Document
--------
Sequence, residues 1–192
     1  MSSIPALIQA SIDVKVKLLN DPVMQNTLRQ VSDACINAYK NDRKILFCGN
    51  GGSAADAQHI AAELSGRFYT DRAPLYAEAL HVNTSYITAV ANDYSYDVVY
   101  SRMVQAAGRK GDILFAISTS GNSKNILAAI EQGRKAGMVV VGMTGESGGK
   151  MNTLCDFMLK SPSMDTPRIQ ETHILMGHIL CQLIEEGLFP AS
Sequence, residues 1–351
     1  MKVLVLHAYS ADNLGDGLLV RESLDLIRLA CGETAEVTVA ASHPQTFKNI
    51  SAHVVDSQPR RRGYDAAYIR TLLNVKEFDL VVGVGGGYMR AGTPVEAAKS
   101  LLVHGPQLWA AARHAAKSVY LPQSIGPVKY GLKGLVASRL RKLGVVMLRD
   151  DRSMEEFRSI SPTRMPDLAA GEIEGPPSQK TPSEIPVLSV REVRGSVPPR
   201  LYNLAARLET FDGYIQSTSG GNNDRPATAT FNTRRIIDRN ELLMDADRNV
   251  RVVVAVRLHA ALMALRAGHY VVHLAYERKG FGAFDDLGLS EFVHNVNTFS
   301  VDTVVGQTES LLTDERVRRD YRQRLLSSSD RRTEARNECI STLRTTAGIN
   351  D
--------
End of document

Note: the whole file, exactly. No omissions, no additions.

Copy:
Sequence, residues 1–192
     1  MSSIPALIQA SIDVKVKLLN DPVMQNTLRQ VSDACINAYK NDRKILFCGN
    51  GGSAADAQHI AAELSGRFYT DRAPLYAEAL HVNTSYITAV ANDYSYDVVY
   101  SRMVQAAGRK GDILFAISTS GNSKNILAAI EQGRKAGMVV VGMTGESGGK
   151  MNTLCDFMLK SPSMDTPRIQ ETHILMGHIL CQLIEEGLFP AS
Sequence, residues 1–351
     1  MKVLVLHAYS ADNLGDGLLV RESLDLIRLA CGETAEVTVA ASHPQTFKNI
    51  SAHVVDSQPR RRGYDAAYIR TLLNVKEFDL VVGVGGGYMR AGTPVEAAKS
   101  LLVHGPQLWA AARHAAKSVY LPQSIGPVKY GLKGLVASRL RKLGVVMLRD
   151  DRSMEEFRSI SPTRMPDLAA GEIEGPPSQK TPSEIPVLSV REVRGSVPPR
   201  LYNLAARLET FDGYIQSTSG GNNDRPATAT FNTRRIIDRN ELLMDADRNV
   251  RVVVAVRLHA ALMALRAGHY VVHLAYERKG FGAFDDLGLS EFVHNVNTFS
   301  VDTVVGQTES LLTDERVRRD YRQRLLSSSD RRTEARNECI STLRTTAGIN
   351  D